The research section of Voices is dedicated to a broad and inclusive understanding of research as a practice in the service of knowledge development and social change. Research articles in Voices include empirically based research (quantitative and qualitative studies, including arts-based studies), literature-based research (historical research, review articles, theoretical and philosophical studies), and mixed methods research. Listed alphabetically, descriptions of types of research are:

Empirically Based Research

Empirical research articles of various forms may be submitted to Voices, but we urge authors to follow the IMRaD structure whenever possible and relevant:

Introduction: Develop the problem of investigation, review pertinent literature, and state the aim of the work.
Method: Describe details of the method used (subjects, materials, design, and method of analysis).
Results: Present representative empirical material.
Discussion: Discuss relationships and point out exceptions. Show agreement or disagreement with previous research. A conclusion and statements about the significance of the work may be presented at the end of the discussion or in a separate section.

Qualitative Studies: Qualitative research is a broad label covering a multitude of approaches informed by a large range of perspectives, such as grounded theory, phenomenology, hermeneutics and critical theory, as well as feminist, postmodern, and postcolonial perspectives. How the researchers position themselves in this landscape determines to some degree the criteria of evaluation. While in some cases systematic analysis of the empirical material is central, in other cases the interpretive and critical aspects will be more central. In either case, reflexivity is key to qualitative research. Authors and reviewers are referred to the EPICURE agenda which allows for dialogic evaluation of qualitative research. When relevant, authors are encouraged to employ arts-based and performative forms of research that pay justice to the multimodal nature of human communication and the aesthetic and performative dimensions of music therapy practice.

Quantitative Studies: Various types of quantitative research may be submitted. These include descriptive, correlational, as well as experimental studies. Typical criteria used in evaluating quantitative research include: Thoroughness of related literature, Clarity and relevance of purpose, Relevance and utility of research design in addressing research questions, Rigor of research design, Adequacy of the description of procedures used, Control of confounding variables, Risk of bias, Reliability and validity of measures and data collection, Appropriateness of data treatment and integrity of analysis, and Appropriateness of conclusions. Voices recommends using available guidelines for the reporting of quantitative research, such as the CONSORT statement for randomized controlled trials and the TREND statement for non-randomized evaluations. For the presentation of results, information about direction and magnitude of effects is often essential (for example effect size, p-values, confidence intervals). The appropriate use of figures is also often important and helpful in understanding the meaning of the results of quantitative research. Authors of quantitative studies must adhere to SI units.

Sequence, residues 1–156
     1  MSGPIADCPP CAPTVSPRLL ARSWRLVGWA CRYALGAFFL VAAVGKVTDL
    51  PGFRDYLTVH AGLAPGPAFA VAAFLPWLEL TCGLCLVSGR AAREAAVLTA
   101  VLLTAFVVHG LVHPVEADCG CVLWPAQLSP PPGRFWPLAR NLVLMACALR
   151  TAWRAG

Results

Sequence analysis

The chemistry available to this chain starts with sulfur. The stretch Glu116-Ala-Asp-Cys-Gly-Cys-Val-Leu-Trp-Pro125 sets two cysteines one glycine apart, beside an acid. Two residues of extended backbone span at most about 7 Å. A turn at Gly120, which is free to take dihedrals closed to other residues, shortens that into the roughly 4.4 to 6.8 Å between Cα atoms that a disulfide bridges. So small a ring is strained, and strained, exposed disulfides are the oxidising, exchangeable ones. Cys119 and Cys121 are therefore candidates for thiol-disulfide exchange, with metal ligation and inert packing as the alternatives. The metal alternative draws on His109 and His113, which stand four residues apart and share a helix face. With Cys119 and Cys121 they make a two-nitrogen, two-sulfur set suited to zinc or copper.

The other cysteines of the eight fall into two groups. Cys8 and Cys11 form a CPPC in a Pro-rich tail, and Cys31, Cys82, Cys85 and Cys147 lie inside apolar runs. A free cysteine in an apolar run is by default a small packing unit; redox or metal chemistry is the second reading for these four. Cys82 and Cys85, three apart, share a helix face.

Literature-based Research

This section includes historical research, review articles, and theoretical and philosophical studies, and may therefore include texts informed by a large range of epistemologies or meta-theoretical perspectives:

Historical Research: As the discipline and profession of music therapy grows older and becomes more culturally and geographically diverse, the importance of historical research is increasing. Historical research goes beyond the description of events and the gathering of facts to include critical examinations and interpretations of these events in order to understand the contexts, processes, agents, and ideas that helped to shape them.

Review Articles: Review articles are critical evaluations of material that has already been published. Review articles contribute to the development of music therapy by considering the evolution of existing research in elucidating an issue or problem. Authors should:

  • Define and clarify the issue or problem to be reviewed.
  • Summarize previous research in order to inform the readers about the state of knowledge pertaining to the issue or problem.
  • Identify gaps, inconsistencies, and contradictions - as well as other aspects - in the literature reviewed.
  • Suggest further steps in the investigation of the problem or issue.

For systematic reviews of quantitative research, we recommend using available guidelines for the reporting, such as the PRISMA statement.

Theoretical and Philosophical Studies: Authors of literature-based theoretical articles draw on existing literature in order to promote or evaluate theories of music therapy or fields closely related to music therapy. As music therapy is multi-faceted, theoretical articles may build upon scientific research literature and/or theoretical contributions from the humanities. Voices finds it especially important to encourage theoretical developments that integrate relevance to practice, empirical grounding, critical awareness, and philosophical refinement. Literature-based philosophical studies examine the beliefs and assumptions of music therapy theories and practices, including practices of research. Philosophical inquiries in music therapy often concentrate on practice and everyday concerns. As such, philosophical studies can offer new tools for navigation and reflection in the daily life of both practitioners and scholars.